My grandkids' other nana is hogging time with them

Some grandparents struggle to see their grandkids enough.

A couple has shared their fears they could become estranged from their family as they struggle to enjoy any alone time with their grandkids, away from the other grandparent. But is their plea fair, or cruel?

Bravely sharing their anguish in an open letter to the Washington Post‘s Ask Amy advice column, the grandparents revealed they live “out of town” from their son, daughter-in-law and three grandkids, but fly to see them monthly.

However, they’re forced to share that precious time with the other grandparent, who lives much closer and who has become a key part of the children’s lives at home. Now, they have pleaded for help to get the alone time they’re craving.

Admitting the other grandmother’s life is now “devoted” to the family, the couple wrote: “She has no boundaries and gives us no time alone with the kids when we visit. I once tried to talk with her about it, but she ignored my concerns. Our son and daughter-in-law won’t address this.”

After asking their family if they could spend more time alone with the kids, the couple claim they received an angry text message from their daughter-in-law, accusing them of trying to shut her own mother out. They added: “We fear risking an estrangement if we bring this up again.”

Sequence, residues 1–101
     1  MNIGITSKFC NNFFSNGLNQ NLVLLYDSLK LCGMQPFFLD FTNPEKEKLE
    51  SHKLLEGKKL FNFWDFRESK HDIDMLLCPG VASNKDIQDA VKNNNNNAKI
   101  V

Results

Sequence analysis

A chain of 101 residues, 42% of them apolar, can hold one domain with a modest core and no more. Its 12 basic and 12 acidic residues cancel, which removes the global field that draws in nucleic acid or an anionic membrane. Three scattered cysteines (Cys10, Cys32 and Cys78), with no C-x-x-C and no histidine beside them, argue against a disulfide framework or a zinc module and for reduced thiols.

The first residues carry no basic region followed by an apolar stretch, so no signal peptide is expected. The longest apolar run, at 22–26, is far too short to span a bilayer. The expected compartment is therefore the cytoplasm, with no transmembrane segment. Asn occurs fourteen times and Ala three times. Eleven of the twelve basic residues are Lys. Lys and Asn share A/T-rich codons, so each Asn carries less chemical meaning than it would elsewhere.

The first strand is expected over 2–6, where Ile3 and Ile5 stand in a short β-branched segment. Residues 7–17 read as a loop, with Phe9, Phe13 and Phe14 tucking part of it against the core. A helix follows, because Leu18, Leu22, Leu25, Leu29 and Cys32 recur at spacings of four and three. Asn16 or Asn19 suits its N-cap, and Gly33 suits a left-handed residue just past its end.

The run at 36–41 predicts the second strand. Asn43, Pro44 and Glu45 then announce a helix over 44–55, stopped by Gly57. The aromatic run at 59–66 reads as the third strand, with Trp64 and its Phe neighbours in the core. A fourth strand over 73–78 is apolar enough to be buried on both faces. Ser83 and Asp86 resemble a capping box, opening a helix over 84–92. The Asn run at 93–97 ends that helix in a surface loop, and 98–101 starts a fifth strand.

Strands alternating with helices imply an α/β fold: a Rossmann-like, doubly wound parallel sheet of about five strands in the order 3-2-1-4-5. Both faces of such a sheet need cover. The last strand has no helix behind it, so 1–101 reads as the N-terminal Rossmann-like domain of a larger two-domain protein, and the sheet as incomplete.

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Read more: Grandma outrages the internet with babysitting demands

The letter divided readers, with some relating to the grandmother’s plea and others defending the daughter-in-law. The Ask Amy response looked at both sides of the argument and advised the couple to speak to the other grandmother directly, rather than risk upsetting their son and grandchildren.

“Because this grandmother is so intimately involved in this family’s life, a grandchildren extraction could be extremely difficult,” the advice columnist wrote.

It’s not the first time a grand-parenting dilemma has sparked a controversial response. Last year, a woman wrote into the same advice column asking for help after her mother invoiced her for expenses she incurred while babysitting her daughter.

The woman who identified herself only as “Burned by Grandma” explained in the letter to Ask Amy that she sent her daughter for a visit with her grandma, only to receive an itemised invoice for expenses on the visit!

The advice columnist sensibly advised that the grandma in the situation may have had legitimate reasons for demanding the cash, but that it also could be a passive-aggressive way of saying that she does not want to babysit. 

Have you found yourself in a similar situation? What would you advise?